Lung volume reduction surgery (LVRS) involves the removal of damaged lung tissue, which can help people with lung damage breathe more easily.

Doctors tend to recommend LVRS to people with severe chronic obstructive pulmonary disease (COPD), but it is not suitable for everyone with this condition.

In this article, we explain the goal of LVRS, who can undergo this type of surgery, its potential benefits and risks, and the recovery times.

A surgeon performing lung volume reduction surgery in an operating theatre.Share on Pinterest
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The goal of LVRS is to remove damaged areas of lung tissue, particularly unhealthy air sacs, so the remaining tissue can work more effectively. The surgery can improve breathing and quality of life for people with COPD.

Doctors tend to refer people for surgery when they:

  • have severe upper lung damage, or emphysema
  • are younger than 75 years
  • stopped smoking at least 6 months ago
  • still cannot exercise after finishing pulmonary rehabilitation

Before a person can have LVRS, a pulmonologist and thoracic surgeon will run several tests, including:

Once the evaluation is complete, a medical professional will administer a general anesthetic, which makes someone unconscious and stops them from feeling any pain.

Surgeons can approach LVRS in several ways. They may perform:

  • Media sternotomy: This procedure involves a surgeon making an incision through the sternum, which is the bone that runs down the center of the ribs.
  • Video-assisted thoracoscopy: A surgeon will make small incisions in one or both sides of the chest. They will then insert a scope, or a small camera. The camera sends images of the lungs to a computer screen, which allows surgeons to identify and remove damaged tissue using instruments on “chopsticks.”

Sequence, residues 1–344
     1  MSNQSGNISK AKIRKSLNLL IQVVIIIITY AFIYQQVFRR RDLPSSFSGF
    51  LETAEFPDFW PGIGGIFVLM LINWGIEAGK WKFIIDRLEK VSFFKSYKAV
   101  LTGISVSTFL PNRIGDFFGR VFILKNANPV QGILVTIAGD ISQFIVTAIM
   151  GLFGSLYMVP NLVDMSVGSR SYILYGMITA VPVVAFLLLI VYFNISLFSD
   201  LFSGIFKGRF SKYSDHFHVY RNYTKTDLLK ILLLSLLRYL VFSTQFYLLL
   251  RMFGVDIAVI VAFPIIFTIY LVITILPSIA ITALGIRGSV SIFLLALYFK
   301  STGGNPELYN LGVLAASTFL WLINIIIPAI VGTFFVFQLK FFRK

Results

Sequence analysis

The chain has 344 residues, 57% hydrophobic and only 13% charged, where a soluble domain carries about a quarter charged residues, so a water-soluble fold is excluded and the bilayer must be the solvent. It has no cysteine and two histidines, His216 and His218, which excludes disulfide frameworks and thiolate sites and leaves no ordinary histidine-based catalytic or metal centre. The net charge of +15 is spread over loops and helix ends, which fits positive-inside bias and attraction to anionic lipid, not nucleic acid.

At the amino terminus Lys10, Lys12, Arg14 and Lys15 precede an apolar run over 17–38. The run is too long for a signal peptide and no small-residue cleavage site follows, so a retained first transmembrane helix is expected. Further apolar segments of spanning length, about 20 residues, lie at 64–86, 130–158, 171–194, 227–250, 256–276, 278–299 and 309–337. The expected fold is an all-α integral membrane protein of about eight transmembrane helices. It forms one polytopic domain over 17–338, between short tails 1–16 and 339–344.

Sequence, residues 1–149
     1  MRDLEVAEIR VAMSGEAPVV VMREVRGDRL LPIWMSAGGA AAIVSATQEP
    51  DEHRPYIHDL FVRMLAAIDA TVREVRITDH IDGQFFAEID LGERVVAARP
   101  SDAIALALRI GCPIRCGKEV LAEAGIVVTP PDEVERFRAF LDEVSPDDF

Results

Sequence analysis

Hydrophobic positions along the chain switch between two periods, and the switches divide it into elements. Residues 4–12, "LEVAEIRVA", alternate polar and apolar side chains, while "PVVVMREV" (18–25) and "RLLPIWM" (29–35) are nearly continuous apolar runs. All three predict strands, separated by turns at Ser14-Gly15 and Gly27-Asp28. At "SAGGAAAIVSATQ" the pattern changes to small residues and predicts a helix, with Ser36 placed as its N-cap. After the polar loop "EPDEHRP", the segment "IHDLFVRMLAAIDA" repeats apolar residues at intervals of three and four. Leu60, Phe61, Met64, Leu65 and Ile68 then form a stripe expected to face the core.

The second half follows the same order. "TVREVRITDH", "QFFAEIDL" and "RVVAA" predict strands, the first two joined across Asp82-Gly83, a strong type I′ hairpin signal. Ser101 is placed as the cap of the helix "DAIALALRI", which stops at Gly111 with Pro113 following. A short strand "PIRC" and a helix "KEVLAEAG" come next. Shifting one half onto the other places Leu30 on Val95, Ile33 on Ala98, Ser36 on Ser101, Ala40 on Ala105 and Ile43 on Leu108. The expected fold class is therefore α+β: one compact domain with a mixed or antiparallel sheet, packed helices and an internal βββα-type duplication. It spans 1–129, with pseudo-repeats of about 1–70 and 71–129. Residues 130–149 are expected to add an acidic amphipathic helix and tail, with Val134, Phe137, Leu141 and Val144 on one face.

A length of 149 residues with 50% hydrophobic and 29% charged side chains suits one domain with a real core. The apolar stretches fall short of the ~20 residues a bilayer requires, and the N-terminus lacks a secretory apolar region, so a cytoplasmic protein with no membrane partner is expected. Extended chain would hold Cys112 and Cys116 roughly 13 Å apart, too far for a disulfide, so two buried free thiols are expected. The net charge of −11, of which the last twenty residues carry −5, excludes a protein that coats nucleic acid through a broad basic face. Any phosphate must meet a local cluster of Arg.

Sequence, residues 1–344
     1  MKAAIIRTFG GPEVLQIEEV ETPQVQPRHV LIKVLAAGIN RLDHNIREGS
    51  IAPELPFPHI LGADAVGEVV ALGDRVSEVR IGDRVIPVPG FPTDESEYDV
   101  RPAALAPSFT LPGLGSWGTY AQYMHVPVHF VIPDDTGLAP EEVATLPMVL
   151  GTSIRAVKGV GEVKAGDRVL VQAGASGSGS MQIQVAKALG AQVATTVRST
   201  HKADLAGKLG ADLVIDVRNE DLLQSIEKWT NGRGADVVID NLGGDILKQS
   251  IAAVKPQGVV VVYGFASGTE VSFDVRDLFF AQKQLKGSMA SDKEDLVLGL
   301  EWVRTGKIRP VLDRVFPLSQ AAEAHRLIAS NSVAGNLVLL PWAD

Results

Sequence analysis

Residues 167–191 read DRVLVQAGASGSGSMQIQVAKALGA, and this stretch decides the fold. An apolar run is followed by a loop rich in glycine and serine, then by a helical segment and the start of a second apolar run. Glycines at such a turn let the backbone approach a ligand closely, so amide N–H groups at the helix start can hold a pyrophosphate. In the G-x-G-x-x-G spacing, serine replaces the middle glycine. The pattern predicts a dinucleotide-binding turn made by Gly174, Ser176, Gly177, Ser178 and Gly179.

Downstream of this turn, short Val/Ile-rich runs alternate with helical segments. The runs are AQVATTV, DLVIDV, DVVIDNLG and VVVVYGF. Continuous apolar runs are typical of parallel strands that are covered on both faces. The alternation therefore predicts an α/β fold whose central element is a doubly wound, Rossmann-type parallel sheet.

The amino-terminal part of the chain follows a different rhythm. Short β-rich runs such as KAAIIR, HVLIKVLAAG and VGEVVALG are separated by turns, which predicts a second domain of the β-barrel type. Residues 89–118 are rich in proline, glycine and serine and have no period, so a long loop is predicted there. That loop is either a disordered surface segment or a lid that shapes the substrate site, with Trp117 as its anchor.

• Thoracotomy: During this more invasive form of LVRS, a surgeon makes an incision on the side of the chest, in between the ribs. They then separate the ribs to gain access to the lungs.

After surgery, a person can expect to stay in the hospital for 10–14 days. The exact length of stay will vary depending on how a person responds to the surgery and whether they have any underlying health conditions. The healthcare team will provide the person with access to pain medication through an IV drip or in the form of tablets.

When a person leaves the hospital, they may find that their appetite is not as large as it used to be, so they should try eating smaller portion sizes that are easier to digest. If anyone notices that their appetite is not improving, they should get in touch with their doctor.

The incisions may feel bumpy while they are healing, but they should smooth over within 6–8 weeks. A person should wait until their incisions have healed before applying creams and lotions to them.

It is important to avoid lifting anything heavy for 6–8 weeks and to refrain from driving if pain medication causes tiredness.

Some people will be able to go back to work within 4–6 weeks, but those with more strenuous jobs will likely have to wait 8–12 weeks. A person should check with a doctor that it is safe to return to work before making a commitment.